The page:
Williams College | Predictive Science | 2018 Aug 27
Last summer’s solar corona was spectacular at the August 21 total solar eclipse, but a team of scientists had predicted its shape pretty well. This pearly white halo of brightness around the sun, normally hidden behind the blue sky, is actually spiky, like a porcupine’s quills. During the eclipse, for those in the 60-mile-wide band of totality that stretched from Oregon through parts of 14 states to South Carolina, viewers were treated to streamers to the sides of the sun, starting broad at their bases and coming to points at higher levels, while thin plumes of gas were visible at the sun’s north and south poles.
Predictive Science developed a numerical model that simulated what the corona would
look like during the 2017 Aug 21 total solar eclipse. Slide mouse over image to compare
a composite image generated from photographs taken on the day of the total eclipse
(image 2) to the model’s predictions (image 1). Credits: Predictive Science Inc
/Miloslav Druckmüller, Peter Aniol, Shadia Habbal/NASA Goddard, Joy Ng
The overall form of the streamers was predicted on the basis of the sunspots and magnetic field on the everyday sun’s surface over the preceding month, as described in a scientific paper appearing today (August 27) in the journal Nature Astronomy. Led by its scientists Zoran Mikic, Cooper Downs, and Jon Linker of Predictive Science, a research company based in San Diego, California, a few days before the eclipse the team posted a prediction of the shape of the corona.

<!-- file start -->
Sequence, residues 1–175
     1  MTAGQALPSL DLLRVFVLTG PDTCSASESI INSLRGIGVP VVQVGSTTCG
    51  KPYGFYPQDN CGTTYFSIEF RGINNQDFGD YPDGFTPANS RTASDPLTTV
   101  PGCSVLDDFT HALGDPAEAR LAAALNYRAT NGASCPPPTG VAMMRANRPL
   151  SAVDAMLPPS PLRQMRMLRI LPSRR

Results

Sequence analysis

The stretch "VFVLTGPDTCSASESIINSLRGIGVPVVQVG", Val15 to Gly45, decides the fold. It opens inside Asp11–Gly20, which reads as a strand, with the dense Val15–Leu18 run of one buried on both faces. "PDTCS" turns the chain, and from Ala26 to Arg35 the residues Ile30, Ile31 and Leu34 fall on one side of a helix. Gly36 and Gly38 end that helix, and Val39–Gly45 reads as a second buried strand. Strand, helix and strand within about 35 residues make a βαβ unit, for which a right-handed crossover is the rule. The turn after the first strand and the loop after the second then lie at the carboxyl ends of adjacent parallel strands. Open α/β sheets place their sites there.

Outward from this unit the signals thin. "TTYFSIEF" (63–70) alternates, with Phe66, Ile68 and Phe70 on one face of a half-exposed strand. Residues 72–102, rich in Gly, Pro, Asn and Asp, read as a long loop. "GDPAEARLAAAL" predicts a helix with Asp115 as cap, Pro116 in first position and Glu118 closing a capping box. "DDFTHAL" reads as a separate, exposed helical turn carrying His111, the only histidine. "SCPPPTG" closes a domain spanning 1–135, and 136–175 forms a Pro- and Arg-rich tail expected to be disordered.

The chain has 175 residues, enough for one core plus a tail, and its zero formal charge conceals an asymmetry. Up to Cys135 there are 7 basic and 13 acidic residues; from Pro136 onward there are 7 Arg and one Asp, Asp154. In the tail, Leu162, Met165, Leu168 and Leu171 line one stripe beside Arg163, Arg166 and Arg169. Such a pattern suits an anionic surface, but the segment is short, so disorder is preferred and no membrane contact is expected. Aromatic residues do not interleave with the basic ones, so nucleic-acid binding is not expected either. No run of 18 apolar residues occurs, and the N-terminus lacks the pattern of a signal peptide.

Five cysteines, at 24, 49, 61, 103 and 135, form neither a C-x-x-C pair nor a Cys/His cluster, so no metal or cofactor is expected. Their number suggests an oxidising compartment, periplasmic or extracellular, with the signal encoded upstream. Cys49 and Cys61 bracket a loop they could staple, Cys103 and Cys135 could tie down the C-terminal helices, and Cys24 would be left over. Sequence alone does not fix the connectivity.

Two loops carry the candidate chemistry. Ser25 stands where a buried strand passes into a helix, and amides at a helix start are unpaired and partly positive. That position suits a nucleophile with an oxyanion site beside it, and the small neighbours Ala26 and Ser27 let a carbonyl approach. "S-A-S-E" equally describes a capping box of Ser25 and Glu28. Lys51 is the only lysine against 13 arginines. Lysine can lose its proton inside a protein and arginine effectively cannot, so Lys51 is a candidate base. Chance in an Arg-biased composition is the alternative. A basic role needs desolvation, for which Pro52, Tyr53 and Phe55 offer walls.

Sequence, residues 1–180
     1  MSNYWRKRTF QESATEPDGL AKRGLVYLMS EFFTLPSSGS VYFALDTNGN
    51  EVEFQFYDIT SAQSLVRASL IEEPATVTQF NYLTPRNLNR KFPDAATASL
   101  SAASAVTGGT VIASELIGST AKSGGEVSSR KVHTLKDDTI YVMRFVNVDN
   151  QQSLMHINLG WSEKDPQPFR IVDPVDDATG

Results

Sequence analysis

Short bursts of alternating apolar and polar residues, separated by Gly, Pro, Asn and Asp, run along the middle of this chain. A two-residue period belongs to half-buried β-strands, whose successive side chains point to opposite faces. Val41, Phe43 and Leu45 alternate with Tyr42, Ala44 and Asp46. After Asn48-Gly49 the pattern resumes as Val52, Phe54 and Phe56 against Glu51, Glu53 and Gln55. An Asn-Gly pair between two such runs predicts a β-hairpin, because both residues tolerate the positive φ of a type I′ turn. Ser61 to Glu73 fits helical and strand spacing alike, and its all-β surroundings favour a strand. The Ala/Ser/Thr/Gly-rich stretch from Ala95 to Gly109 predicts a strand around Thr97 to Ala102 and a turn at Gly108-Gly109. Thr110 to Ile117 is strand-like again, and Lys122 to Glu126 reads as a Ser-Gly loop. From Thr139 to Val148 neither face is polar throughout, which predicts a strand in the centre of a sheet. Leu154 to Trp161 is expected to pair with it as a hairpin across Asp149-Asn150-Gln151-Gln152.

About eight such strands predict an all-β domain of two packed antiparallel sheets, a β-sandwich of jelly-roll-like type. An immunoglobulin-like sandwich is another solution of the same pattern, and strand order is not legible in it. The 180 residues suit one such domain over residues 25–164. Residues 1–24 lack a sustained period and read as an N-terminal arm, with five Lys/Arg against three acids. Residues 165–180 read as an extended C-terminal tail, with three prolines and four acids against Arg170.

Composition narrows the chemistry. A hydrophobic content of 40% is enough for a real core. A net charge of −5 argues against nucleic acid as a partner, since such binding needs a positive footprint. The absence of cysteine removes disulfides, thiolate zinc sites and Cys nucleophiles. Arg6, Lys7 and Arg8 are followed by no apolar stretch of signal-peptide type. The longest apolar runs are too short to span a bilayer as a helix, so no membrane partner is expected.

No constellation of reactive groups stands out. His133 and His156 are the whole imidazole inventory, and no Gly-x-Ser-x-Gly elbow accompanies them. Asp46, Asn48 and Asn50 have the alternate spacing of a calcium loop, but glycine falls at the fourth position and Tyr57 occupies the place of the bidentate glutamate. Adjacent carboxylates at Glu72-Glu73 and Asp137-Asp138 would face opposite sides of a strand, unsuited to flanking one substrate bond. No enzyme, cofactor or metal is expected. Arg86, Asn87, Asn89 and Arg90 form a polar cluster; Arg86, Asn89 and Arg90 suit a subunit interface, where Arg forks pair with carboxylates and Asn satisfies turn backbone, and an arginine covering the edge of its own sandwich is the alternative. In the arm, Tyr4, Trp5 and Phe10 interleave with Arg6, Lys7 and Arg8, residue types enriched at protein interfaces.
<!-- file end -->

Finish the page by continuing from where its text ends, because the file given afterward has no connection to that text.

The published Nature Astronomy paper compared the calculated advance appearance of the corona with actual coronal images. However, because the corona falls off in brightness by 1000 times within the first sun’s radius above its edge, dozens of individual photographs must be combined to show the shapes of the corona over a wide range of heights. In the article, high-contrast images composited by Czech computer scientist Miloslav Druckmüller from the Brno University of Technology and lower-contrast images in a collaboration between Williams College astronomer Jay Pasachoff with computer work by New York electronic-music expert Wendy Carlos both showed successful agreement with the predictions. ...
How Scientists Predicted Corona’s Appearance During 2017 Aug 21 Total Solar Eclipse
NASA | Goddard Space Flight Center| 2018 Aug 27
Predicting the Corona for the 21 August 2017 Total Solar Eclipse ~ Zoran Mikić et al